By JJ Lamb and Gerald Lamb
We usually take our roads for granted. But sometimes we have to fight for them. On June 26, 1926, 11 Vail residents—including brothers Guy and Carl Monthan and Colossal Cave Park Operator Frank Schmidt—petitioned the Pima County Board of Supervisors to declare the “the concrete dip over the Pantano Wash on the old Vail-Benson Highway along the present constructed road to Colossal Cave” a County Highway and to accept it into Pima County’s road system. The road they fought for evolved into what is now known as Colossal Cave Road. It’s hard to imagine life in Vail today without this vital link to the Rincon Valley and Colossal Cave. Those vital links to home, cultural sites, and commerce may seem set in stone, but just this year another group of Vail residents had to stand up to protect the Leon Ranch Road from eraser.
The historic Leon Ranch Road and Bravo-Leon Cemetery are remnants of Vail’s historic landscape that has been nearly erased by time and development. It is a dirt road, not so different from so many other dirt roads in Pima County. Except for a few distinctly Vail details. There are neighbors who have built their own homes, some belong to a well-share, others raise chickens, goats, and horses but at the end of the day they all come together to maintain the road they all share.
The Leon Ranch Road once took travelers all the way to Tucson and was vital in transporting fresh produce from the Monthan Ranch but has been truncated by development. The eastern section of the Leon Ranch Road was subsumed by development at Rancho del Lago between 2001 and 2008. At the beginning of 2021, only the western section of the lower Leon Ranch Road remained. Earlier this year a development approved by Pima County in 2005 threatened to erase the remaining section of the road. Though no longer the commercial farm to market thoroughfare it once was, the Leon Ranch Road still provides safe access for 30 families and connects Vail pioneer families to the Bravo-Leon Cemetery located on the 1912 Leon Homestead. With construction barricades blocking access and bulldozers poised to clear blade, Vail residents stood up and said enough!
Vail Preservation Society (VPS) is proud to have been a part of this grass roots effort along with residents Marilyn Dailey, the Leon family—and other neighbors living on the Leon-Ranch Road—and Vail Pioneering families led by Sarah Hiteman and Barbara Mayer. Preserving the historic road maintains access for one of Vail’s oldest, established neighborhoods, access to a significant traditional cultural site—the Bravo-Leon Cemetery—and renewed access for the big yellow school buses that haven’t been able to pick up children living along the Leon Ranch Road for over six months! VPS helped bring residents, pioneering family members, and our Pima County government leaders together and provided key research related to the history of the road and cemetery.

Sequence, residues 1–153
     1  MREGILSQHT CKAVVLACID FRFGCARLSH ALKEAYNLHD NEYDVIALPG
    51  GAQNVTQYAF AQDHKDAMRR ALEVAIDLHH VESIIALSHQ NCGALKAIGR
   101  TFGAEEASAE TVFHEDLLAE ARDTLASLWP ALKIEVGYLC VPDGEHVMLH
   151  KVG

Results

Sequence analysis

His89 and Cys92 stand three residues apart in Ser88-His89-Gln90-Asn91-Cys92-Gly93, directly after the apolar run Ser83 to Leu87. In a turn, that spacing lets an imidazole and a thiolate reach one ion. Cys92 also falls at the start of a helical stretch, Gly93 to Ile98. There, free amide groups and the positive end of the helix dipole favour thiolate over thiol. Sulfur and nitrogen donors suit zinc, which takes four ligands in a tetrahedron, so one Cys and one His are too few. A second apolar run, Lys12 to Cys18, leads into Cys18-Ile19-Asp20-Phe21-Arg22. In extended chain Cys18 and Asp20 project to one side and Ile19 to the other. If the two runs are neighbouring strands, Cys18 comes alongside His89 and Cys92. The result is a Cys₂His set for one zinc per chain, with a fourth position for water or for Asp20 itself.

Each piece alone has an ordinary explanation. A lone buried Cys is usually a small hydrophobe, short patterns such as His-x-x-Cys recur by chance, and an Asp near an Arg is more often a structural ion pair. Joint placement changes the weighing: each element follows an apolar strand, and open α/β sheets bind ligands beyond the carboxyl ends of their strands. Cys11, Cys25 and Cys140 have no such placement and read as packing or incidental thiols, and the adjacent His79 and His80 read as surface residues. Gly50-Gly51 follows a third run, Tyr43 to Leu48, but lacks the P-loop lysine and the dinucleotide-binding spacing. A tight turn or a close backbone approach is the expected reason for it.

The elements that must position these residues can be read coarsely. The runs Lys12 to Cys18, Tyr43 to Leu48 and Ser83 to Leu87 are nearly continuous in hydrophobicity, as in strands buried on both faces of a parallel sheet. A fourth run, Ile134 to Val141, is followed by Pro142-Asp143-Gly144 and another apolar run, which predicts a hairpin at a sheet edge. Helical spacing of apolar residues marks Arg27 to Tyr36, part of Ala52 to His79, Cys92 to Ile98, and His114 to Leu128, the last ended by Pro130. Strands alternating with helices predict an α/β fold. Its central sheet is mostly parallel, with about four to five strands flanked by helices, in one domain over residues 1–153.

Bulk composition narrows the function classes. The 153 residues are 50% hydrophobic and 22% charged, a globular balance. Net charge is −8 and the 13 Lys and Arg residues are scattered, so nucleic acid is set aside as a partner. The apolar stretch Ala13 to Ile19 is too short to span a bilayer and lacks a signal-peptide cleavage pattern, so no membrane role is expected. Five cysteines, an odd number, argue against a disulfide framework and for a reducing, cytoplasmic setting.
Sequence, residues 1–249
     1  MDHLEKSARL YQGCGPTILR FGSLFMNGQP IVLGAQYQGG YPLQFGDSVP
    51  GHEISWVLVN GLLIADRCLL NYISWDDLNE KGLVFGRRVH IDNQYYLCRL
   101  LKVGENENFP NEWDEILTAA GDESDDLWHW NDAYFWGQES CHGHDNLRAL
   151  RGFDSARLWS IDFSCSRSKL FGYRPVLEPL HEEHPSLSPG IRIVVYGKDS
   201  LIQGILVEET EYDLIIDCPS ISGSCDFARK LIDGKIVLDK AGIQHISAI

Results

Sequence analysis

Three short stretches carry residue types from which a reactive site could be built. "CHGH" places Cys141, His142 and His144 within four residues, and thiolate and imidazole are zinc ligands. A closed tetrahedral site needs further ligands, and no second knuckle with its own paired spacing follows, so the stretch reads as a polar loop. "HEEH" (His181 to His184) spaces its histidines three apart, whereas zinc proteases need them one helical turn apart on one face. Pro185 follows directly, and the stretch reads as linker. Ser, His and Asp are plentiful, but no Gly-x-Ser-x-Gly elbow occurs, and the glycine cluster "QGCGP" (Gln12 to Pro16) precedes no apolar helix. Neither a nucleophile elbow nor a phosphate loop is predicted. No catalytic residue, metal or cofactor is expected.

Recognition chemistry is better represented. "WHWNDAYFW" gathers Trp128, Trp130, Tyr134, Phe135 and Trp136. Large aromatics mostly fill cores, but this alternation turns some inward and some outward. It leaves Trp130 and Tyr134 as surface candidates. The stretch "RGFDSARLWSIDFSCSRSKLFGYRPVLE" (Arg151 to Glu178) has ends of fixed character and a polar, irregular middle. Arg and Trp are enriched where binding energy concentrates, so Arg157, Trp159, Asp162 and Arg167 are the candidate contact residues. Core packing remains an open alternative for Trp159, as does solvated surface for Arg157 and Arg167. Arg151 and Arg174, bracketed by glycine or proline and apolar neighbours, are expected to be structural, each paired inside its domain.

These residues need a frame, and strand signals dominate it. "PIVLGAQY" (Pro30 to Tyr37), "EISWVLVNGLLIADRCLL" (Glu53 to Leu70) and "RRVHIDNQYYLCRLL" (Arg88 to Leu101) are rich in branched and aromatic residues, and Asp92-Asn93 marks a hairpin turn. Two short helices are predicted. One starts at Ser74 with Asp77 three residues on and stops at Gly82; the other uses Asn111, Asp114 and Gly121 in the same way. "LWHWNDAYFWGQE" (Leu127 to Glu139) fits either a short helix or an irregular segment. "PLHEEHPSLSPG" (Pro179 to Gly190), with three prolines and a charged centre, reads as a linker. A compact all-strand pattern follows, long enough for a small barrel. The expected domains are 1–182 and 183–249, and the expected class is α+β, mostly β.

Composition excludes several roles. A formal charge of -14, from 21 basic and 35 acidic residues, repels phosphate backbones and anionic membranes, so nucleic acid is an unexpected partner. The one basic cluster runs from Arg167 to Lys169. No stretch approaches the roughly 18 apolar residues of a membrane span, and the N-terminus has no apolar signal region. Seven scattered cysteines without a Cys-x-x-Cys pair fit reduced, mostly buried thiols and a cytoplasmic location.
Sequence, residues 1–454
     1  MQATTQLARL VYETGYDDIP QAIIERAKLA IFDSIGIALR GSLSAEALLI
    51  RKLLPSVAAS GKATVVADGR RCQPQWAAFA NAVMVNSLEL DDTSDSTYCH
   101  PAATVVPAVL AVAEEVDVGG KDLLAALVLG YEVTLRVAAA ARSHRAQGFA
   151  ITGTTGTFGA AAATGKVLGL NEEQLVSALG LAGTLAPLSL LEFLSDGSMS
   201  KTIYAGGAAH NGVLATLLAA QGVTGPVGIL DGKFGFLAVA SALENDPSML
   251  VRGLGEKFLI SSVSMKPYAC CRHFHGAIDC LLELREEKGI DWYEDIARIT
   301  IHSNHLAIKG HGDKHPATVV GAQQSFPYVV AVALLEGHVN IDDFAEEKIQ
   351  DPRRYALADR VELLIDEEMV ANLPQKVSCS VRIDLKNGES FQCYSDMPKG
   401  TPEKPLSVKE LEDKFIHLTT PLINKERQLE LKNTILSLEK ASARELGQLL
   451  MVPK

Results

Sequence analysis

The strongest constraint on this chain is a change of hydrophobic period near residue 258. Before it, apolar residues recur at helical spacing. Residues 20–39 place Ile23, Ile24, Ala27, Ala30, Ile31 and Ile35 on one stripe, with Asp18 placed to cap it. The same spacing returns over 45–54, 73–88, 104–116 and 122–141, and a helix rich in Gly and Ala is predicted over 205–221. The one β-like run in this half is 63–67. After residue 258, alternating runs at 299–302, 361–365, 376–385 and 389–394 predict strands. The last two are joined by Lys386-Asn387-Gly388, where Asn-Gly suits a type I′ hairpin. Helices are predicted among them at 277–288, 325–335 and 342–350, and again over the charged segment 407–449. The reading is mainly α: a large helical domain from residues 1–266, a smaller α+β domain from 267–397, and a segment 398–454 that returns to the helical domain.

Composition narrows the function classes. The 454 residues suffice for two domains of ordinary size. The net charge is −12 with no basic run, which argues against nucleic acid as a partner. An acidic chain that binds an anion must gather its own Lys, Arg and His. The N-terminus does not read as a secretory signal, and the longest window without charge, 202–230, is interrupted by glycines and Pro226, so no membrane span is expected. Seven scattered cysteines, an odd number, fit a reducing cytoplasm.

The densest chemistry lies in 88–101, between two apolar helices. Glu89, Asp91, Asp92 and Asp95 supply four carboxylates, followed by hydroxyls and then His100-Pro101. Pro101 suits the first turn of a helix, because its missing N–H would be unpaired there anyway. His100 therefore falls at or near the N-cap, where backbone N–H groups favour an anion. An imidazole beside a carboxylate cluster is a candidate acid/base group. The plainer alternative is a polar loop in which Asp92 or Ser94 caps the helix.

VPS works to preserve Vail’s stories and heritage so that it can provide the context needed to truly understand our community. That research and community advocacy brings us together as we come to understand and respect each other. We care about our community, and, just like the 11 Vail neighbors who came together in 1926 to advocate Colossal Cave Road, Vail neighbors old and new came together and repeated history in 2021. The Leon Ranch Road is safe and here to stay.
Pima County Administrator Huckelberry, District 4 Supervisor Steve Christy, Pima County staff, and the Pima County Board of Supervisors, thank you.
J.J. Lamb is President & CEO of Vail Preservation Society. A U of A graduate, her family has lived in Vail since 1971. She was named an Arizona Culturekeeper in 2011 and an Arizona Friend of the Humanities in 2020.